Double trouble?

No teacher in the UK ever forgets the Ofsted inspections they’ve endured. They are considerably shorter these days, but my first was four days long, and we got the famous ‘brown envelope’ announcing its arrival the day before we broke up for Easter. The weather that year was glorious, and I was so cross that my delicious Easter break was shattered by the thoughts of what was to follow. Then I decided that I was going to thoroughly enjoy the Easter weekend, forget totally about the inspection, and only begin the planning and preparation for it from the Tuesday. We had a wonderful four days (Good Friday and Easter Monday are both bank holidays here), before the onslaught, and however bad it was, at least I’d had a break, and was refreshed. A little bubble of peace between the exhaustion of the previous term and the anxieties of the next. But peace it was.

I wonder if it was a bit like that for Jacob. No doubt his adrenalin had been running high ever since they’d left Laban’s land (Genesis 31). Fearful of being caught, and worried sick when they were, Jacob had had to stand up to Laban’s intimidations, and then endure a feast and an overnight stop with Laban and his relatives, still wondering if he was going to try any last tricks. I can imagine the weariness taking over as the dust settled after Laban’s final departure. Only to be replaced a moment later by a thrill of anxiety as Jacob was suddenly struck with the reality of having to face his brother after all these years. Not a happy moment after all!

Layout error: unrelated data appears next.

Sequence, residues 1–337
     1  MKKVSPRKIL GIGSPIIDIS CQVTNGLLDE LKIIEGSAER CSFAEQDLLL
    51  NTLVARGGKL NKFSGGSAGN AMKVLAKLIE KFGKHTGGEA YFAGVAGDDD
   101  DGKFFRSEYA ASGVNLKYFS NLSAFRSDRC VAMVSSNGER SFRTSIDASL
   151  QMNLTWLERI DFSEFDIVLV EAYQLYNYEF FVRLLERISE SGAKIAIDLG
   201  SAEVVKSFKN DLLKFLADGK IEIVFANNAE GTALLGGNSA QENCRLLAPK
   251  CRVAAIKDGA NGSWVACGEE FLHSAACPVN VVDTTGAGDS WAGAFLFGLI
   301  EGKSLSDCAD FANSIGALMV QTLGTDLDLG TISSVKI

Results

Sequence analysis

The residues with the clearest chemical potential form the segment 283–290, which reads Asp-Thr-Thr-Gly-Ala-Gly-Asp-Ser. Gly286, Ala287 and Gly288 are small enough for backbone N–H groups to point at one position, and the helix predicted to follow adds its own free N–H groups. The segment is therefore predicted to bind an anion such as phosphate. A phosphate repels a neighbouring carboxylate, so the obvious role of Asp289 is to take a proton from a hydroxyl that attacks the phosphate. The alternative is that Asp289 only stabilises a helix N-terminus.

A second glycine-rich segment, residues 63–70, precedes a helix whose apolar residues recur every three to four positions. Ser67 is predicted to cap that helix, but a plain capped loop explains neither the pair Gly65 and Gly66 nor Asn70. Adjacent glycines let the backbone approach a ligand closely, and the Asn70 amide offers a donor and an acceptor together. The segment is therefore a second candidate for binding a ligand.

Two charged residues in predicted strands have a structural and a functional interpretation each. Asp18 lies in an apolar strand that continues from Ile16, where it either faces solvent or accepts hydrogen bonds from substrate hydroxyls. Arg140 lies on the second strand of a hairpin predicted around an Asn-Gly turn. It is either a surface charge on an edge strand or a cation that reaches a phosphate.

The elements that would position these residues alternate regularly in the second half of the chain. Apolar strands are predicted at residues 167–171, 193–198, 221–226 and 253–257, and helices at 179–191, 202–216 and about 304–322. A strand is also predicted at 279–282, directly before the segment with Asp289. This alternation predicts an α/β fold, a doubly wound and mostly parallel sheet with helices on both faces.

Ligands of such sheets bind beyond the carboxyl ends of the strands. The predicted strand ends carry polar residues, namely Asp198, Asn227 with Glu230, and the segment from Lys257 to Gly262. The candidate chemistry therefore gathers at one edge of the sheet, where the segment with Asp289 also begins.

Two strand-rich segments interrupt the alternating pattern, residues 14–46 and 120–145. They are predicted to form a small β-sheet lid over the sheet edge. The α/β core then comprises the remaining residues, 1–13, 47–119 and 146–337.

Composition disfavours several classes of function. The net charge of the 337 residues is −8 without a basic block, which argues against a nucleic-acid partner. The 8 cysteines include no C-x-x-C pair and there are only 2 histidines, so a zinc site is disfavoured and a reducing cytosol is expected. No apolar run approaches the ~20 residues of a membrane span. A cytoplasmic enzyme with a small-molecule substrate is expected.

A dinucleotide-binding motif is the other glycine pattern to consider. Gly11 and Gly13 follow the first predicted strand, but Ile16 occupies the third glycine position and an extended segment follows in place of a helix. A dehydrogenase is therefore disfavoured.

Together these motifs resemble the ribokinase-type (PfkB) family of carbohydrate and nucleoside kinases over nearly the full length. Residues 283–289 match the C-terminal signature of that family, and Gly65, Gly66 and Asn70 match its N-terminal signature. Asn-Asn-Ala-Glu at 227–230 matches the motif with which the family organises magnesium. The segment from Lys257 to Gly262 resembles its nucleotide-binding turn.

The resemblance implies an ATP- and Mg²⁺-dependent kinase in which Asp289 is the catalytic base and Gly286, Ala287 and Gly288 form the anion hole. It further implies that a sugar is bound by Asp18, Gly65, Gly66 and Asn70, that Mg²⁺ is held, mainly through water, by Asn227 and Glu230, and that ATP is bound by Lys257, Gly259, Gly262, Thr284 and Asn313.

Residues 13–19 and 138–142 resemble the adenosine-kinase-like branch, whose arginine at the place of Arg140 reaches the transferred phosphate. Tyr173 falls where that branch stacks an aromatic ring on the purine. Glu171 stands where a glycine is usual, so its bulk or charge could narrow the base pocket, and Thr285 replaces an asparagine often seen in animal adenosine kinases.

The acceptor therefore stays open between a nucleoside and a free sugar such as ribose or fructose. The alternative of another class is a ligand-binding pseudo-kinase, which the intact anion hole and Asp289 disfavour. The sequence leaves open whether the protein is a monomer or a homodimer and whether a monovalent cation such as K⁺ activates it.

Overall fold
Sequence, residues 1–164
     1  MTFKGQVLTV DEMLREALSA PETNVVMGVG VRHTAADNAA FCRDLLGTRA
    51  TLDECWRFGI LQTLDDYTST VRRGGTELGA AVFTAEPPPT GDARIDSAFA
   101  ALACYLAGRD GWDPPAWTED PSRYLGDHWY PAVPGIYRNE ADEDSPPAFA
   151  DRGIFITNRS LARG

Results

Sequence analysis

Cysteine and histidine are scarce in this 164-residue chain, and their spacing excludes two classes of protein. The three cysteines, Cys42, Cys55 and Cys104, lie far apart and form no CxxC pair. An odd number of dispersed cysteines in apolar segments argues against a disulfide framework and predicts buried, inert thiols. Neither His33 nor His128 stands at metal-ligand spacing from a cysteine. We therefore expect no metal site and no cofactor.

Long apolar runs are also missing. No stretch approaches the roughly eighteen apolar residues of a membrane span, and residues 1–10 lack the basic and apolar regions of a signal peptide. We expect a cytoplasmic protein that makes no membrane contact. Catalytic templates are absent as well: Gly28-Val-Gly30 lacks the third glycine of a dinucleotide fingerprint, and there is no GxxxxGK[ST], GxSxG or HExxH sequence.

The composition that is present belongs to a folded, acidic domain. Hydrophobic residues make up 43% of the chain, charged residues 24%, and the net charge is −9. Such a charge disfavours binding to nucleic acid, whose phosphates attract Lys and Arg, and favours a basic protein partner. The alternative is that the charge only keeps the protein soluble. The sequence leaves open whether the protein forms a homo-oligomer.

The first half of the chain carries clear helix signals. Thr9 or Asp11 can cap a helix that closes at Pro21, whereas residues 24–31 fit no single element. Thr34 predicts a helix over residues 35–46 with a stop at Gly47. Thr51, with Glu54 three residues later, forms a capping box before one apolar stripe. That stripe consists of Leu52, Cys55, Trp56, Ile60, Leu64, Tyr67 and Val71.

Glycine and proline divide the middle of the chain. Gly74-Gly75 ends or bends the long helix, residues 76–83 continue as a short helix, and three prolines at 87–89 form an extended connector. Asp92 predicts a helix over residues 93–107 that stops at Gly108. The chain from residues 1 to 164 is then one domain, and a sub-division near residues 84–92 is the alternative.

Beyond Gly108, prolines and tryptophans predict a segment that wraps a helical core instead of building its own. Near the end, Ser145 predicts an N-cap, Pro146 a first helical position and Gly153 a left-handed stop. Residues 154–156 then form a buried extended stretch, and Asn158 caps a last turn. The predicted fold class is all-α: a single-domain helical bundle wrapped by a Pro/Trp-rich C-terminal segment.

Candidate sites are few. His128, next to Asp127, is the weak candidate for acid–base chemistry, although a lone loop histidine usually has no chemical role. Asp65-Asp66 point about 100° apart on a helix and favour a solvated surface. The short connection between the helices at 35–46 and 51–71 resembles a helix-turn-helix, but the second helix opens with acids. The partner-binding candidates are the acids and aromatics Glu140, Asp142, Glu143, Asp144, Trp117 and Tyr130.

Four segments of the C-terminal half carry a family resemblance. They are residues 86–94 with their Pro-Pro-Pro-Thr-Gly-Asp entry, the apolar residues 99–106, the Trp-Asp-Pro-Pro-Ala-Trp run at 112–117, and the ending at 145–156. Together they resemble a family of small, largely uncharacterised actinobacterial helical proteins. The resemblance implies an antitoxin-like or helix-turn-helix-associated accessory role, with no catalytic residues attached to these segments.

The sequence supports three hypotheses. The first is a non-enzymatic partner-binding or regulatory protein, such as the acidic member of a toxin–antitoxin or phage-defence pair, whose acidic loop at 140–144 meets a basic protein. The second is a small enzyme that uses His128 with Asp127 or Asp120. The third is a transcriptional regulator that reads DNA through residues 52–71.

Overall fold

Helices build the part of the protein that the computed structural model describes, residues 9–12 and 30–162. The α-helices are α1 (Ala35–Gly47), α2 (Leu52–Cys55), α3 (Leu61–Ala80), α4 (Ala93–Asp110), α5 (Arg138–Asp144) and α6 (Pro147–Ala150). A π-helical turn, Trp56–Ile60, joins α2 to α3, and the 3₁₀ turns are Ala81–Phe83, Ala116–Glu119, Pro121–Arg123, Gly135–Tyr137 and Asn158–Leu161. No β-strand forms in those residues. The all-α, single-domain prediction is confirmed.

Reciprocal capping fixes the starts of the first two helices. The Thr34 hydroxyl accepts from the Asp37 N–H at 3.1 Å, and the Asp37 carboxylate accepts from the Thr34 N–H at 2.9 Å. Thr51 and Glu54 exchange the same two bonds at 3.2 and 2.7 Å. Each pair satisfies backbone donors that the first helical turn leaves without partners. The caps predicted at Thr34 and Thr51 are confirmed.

Then came the moment of peace. As he went on his way, the angels of God met him (Genesis 32:1-2). Oh and how he needed that respite moment. How he needed to be reminded that God was with him, just as he had promised back in Bethel (ch 28:15). And then the truth dawned. God had never left him. He had never let him down. And he wasn’t going to leave him now. So he named the place ‘Mahanaim’ meaning ‘two camps’. There had been plenty of angelic protection with him all the way, this new lot were just reinforcements. Two lots of angels camped around him! Yes, the challenge was great. But no greater than the power and protection that God provided.

There are moments in life when we feel more than the average challenge; when the task ahead seems more than a little daunting. Isn’t it good to know that the amount of help we get rises in direct proportion to the size of the challenge we’re facing!


About widemargin

Retired special needs teacher, now full time carer for a wonderful person with Advanced Parkinson's Disease. 'They that wait upon the Lord shall renew their strength.' So glad I have my Lord Jesus to help me through every day.
This entry was posted in angels, Bible, Biblical, Christian, families, Genesis, God's love, God's provision, Jacob, power of God, presence of God, protection, relationship with God and tagged , , , , , , , , , , , , , . Bookmark the permalink.

2 Responses to Double trouble?

  1. Pieter Stok says:

    Ah, Ofsted, I knew there was something missing in my life: panic, frantic superiors, hysteria … In all my years of teaching I was never observed so frequently as in my 16 months in the UK. By the way, I love the post.

  2. widemargin says:

    Yes! Why they think that having all the staff running round like headless chickens, and scaring the best staff off into other jobs, somehow improves education is a puzzle to me! So glad I’m retired! Thanks so much for all your encouragement! 🙂

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